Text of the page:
Take a scroll through Huda Kattan’s Instagram page, press play on one of her Youtube videos or just glance at her brand’s website and it becomes instantly clear that the influencer-turned-beauty boss is as real as it gets. While she can contour the sh-t out of her nose, she’s also the first to admit that she’s had work done. She’ll edit her photos here and there, sure, but you better believe the 37-year-old mogul is telling her fans when she uses Facetune.
And after a year of self-reflection, breakthroughs and a life-changing makeup-free campaign for her new skincare brand Wishful, Kattan is calling on all beauty brands to stop perpetuating toxic beauty standards and for consumers to work towards self-empowerment. To get her message across, Kattan is posting a video on the topic to her Youtube page on Saturday, March 6, and Us got the first look!
“Why can’t we just normalize normal things? There’s this pressure from these big beauty companies that are not allowing us to be ourselves. They keep telling us, ‘No, you can’t be yourself. You have to be something else.’ I’m just sick of it,” Kattan tells Us Weekly’s Stylish in an exclusive interview. She admits that there are a few brands being open and honest in the industry, but others are promoting a false beauty standard by selling skincare via models wearing makeup or campaigns with photoshopped faces.
Kattan became intimately familiar with the industry’s flaws when creating her new skincare line, Wishful, which launched in February 2020. After noticing the “smoke and mirrors” used in campaigns, she decided to take a different approach with her line. That meant no makeup, real people — not models — and no Photoshop.
But standing in front of a camera bearing all can be challenging. “Our Wishful campaign was a really emotional one for me. I know I have self-worth issues and there I was facing them. I had to have a conversation with myself, like, ‘Look at that girl, she is good enough. You said you wanted to do this photo shoot without makeup, without Photoshop, so be in that moment and accept it.’ And there was a moment where I really shifted. I’m going to cry, thinking about it,” Kattan tells Stylish. “The Photoshop and the makeup is like your armor sometimes.”
When stripped of that “armor,” Kattan says that her whole outlook on beauty pivoted. “For the longest time, I was covering myself up with makeup because I thought I wasn’t good enough. I thought, ‘Oh, I’m not this perfect beauty standard.’ And through a lot of therapy and life coaching, I’ve come to understand that makeup is just this tool. Makeup is not the full of who you are, it’s just an addition to and an expression of who you are.”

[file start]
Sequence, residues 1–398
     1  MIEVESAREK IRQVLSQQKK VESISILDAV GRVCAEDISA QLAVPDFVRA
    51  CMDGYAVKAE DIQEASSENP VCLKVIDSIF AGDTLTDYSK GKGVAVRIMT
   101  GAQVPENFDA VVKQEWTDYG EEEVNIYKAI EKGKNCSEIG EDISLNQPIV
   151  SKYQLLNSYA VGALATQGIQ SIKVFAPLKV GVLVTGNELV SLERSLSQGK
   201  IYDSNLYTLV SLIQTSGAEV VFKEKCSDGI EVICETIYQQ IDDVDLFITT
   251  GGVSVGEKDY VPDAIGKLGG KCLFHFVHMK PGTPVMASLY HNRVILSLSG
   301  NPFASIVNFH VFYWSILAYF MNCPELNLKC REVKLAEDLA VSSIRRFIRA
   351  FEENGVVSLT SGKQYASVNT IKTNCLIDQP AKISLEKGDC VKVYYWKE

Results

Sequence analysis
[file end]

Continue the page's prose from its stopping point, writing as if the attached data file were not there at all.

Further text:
The Huda Beauty founder says that the mental shift from using makeup to fit societal standards to “glamming because I want to, not because I have to” happened once she stopped seeking acceptance from the world around her. “People almost feel like they need permission to feel empowered. We say it, ‘We want to feel empowered, we want to feel all these things.’ But that permission aspect is there,” Kattan says. “You need to accept yourself and you need to know how amazing you are. Everybody around you does not define you.”
To help catalyze change in the beauty industry, Kattan is pledging to run both her professional and personal accounts with honesty at the forefront. “I’m the influencer as well as a brand. And if I don’t start being honest, then I’m part of a problem,” she tells Us. “I may still use Photoshop and Facetune, but we just have to be honest about it. We’ve got to set a fair playing field and tell people what you’re actually doing.”
She adds: “There’s been so many amazing shifts in 2020 where we, as a community, we’re able to demand so many things from equality to recognition. And if we don’t come together here [the beauty industry] in the same way, we’re not going to be able to make the change.”